The Knightmare

I remember when I built my own brokerage firm with a bunch of people, including Rich Hagen, co-founder of TradeKing.  For the time, we had developed a novel way of trading, which needed market makers to understand and facilitate some of our new ways of trading, like the ladder order.  We found two great places to make our trades.  One of them was Knight Securities.  We used them to trade most of our NYSE stocks.  The other was Madoff Securities.  We used them to trade our OTC or Nasdaq stocks.  Both were excellent firms for these purposes.  Yes, you heard me correctly.  Believe it or not, Madoff had created a legitimate securities firm, as opposed to his illegitimate hedge fund business.

It’s been 10 years since then and Madoff Securities is gone and its founder in jail and just last week, a computer glitch at Knight almost caused the firm to go bankrupt (  .  What are ordinary investors to do?  The purpose of a market maker is not to run a hedge fund on the side, not to take bets on Greece a la MF Global, and not to lose $440 million in one day.  Market makers are there so that whenever you or I have a buy or sell order, there is a central platform that is so immersed in the market that they can buy or sell from us instantaneously and transfer the security to someone else relatively quickly.  There is always a small risk in these activities, but small is the word.

Ivan Lendl said of tennis recently “The speed of the game has changed.” The speed of trading has changed dramatically in 20 years due to the advances in technology (  We used to have humans in pits having to work fast but fast meant processing information in seconds not milliseconds. High frequency traders (aka HFTs) represent about 73% of market trading (see The Crisis of Crowding by Chincarini). Some of them run complex algorithms to manipulate market prices, but this is still a source of debate. The movement in security prices intraday has become more subject to mini crashes over the last few years, most likely due to the technology driven speed of information and execution. The latest wreck though was initiated by a error in Knight’s software program that led to a feedback effect as other electronic systems traded in reaction to the errors at Knight. Building software to do efficient trading isn’t easy, but that’s their job. How could they screw that up? I remember when we built our online brokerage firm, we spent countless hours thinking about whether any of our algorithms for trading could be gamed…and then we tested the software internally.  That’s just was Knight did.  According to my friend and trading market expert, Eric Hunsader, Knight released the new version of their software with the test algorithm still attached.  The test algorithm went out and instead of making mock trades was making live trades in the market resulting in large positions for the firm, some of which lost them lots of money.  For other software companies, a mistake like this would not be so bad, but in the financial markets, this means real trades with real dollars.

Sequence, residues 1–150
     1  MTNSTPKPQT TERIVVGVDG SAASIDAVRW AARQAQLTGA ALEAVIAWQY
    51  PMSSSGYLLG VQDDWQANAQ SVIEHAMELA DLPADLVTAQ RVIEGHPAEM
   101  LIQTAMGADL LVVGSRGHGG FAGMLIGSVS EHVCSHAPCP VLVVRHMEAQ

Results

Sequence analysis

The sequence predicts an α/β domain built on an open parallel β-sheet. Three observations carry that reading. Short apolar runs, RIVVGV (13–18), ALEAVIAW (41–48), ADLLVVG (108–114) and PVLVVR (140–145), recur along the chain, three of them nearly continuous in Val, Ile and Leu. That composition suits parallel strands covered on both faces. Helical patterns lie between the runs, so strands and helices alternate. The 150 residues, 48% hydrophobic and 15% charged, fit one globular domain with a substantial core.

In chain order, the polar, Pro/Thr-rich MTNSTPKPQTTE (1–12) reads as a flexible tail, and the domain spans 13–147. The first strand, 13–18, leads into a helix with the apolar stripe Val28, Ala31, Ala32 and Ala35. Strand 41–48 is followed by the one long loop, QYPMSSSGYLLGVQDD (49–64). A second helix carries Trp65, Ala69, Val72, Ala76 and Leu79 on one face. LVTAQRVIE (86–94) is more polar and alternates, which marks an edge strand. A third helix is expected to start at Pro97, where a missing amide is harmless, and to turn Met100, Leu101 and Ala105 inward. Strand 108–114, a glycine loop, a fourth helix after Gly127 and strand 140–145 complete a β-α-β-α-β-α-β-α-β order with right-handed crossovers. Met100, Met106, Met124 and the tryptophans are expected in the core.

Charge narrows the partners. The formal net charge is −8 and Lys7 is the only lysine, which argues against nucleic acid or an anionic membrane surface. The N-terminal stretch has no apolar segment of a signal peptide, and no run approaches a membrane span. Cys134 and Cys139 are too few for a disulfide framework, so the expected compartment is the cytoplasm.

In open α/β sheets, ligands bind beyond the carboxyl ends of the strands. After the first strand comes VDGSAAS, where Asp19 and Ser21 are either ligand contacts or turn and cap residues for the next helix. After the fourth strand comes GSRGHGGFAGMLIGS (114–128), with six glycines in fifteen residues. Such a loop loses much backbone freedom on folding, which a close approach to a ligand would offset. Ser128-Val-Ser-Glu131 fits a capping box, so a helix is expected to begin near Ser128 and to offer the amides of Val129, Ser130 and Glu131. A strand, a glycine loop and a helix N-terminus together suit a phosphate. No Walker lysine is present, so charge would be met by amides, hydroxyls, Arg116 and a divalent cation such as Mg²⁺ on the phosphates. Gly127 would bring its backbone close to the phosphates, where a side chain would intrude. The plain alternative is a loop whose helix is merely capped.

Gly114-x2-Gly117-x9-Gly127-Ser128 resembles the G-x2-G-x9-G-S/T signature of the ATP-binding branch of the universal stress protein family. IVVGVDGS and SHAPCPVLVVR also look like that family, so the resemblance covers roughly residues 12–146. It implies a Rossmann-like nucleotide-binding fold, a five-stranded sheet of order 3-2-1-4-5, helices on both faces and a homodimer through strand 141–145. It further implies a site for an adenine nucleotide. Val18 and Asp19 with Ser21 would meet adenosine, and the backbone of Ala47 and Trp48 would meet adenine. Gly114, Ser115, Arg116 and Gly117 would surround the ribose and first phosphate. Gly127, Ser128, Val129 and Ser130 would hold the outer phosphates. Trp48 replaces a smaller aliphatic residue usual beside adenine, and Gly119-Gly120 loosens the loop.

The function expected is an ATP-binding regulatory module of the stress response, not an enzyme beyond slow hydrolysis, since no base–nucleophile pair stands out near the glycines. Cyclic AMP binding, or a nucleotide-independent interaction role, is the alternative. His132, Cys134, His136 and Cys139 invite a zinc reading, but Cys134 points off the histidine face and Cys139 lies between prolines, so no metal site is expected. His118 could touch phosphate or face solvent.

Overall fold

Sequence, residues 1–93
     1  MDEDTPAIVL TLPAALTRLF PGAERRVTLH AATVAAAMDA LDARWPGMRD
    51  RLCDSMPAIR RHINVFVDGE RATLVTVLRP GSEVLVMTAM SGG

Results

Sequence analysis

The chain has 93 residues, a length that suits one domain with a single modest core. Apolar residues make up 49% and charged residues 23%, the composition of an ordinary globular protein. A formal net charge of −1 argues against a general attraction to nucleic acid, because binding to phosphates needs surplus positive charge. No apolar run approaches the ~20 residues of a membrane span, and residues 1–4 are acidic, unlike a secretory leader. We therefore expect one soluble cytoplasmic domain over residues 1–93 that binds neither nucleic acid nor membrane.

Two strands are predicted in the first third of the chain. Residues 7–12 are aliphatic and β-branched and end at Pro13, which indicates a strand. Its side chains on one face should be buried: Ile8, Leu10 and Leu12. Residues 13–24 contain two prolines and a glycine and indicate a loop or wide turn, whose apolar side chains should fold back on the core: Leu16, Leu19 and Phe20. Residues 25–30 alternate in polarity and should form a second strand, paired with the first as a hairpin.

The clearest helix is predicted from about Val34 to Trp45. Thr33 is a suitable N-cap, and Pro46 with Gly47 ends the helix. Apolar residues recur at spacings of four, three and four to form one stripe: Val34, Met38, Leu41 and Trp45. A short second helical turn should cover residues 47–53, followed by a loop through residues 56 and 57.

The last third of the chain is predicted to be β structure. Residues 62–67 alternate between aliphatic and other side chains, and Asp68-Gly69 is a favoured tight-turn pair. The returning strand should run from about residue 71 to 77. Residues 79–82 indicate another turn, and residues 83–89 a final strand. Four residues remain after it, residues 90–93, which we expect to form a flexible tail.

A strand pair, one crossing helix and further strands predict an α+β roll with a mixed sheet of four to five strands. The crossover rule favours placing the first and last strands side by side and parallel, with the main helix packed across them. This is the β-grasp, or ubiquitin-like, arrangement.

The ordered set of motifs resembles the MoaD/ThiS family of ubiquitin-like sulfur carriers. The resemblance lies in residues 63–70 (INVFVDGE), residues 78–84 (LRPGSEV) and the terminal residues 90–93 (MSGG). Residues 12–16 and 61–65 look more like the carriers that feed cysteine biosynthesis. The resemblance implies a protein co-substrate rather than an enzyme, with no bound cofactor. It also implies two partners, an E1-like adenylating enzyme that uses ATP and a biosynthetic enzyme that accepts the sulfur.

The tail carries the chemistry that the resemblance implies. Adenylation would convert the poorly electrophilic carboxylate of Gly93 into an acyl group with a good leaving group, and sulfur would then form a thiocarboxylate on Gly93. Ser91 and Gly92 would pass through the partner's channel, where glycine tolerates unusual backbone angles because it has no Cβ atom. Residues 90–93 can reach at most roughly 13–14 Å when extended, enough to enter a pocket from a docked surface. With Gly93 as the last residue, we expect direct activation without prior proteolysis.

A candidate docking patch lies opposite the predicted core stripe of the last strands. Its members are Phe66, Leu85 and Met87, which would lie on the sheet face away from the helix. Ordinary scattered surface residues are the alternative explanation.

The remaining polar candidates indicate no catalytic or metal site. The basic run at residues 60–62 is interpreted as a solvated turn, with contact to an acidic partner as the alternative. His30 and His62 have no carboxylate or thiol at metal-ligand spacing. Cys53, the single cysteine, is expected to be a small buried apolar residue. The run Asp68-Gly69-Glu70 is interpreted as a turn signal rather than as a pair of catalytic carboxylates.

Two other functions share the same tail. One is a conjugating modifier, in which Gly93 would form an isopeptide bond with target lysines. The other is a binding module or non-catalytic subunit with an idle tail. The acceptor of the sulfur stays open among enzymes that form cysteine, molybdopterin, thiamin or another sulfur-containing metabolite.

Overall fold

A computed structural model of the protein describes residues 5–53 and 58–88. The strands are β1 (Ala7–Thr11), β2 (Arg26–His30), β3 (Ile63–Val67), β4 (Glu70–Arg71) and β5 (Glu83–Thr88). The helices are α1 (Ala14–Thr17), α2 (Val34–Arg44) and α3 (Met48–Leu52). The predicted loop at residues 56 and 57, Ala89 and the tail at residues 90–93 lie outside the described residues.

So as a trader, what should you have done on the day of the Knightmare? On the day of the glitches, August 1, 2012 Knight’s stock (KCG) stock dropped by 32%, the next day it dropped by another 63%, for a two-day drop of 75% to a share price of $2.58. It dropped so low, that KCG was trading well below book value by about 40%. When I saw this I paused and thought, “Should I buy Knight?” First, Knight relies on short-term financing. Thus, if the crowd runs for the exits, Knight is finished. The break-up value was estimated by analysts at $340 million or $3.79 per share. Thus, in some senses, it looked like a risk worth taking to buy Knight on Friday morning. It opened at around $3.16. Thus, small investors could have bought and made a Friday return of about 28%. But that’s said and done. Should you buy Knight now? The risk is higher now and it all depends if the market regains their confidence in Knight. Over the weekend, Knight had a capital injection from a group of investors of $400 million in exchange for 267 million shares. If one ignores any impacts from the events, like lost of trust, lawsuits, etc, Knight’s diluted value would be $2.48 per share. Whatever you decide to do, I would only put a small part of your portfolio on this trade or completely stay out of this until further notice.

The saddest part of the news is that the efficiency of fast paced computer trading is crashing at regular intervals. It’s all part of the new crash normal, and it’s not clear that the SEC or anyone else knows what to do. Maybe things weren’t so bad when we had tall, strong men elbowing each other in the pits.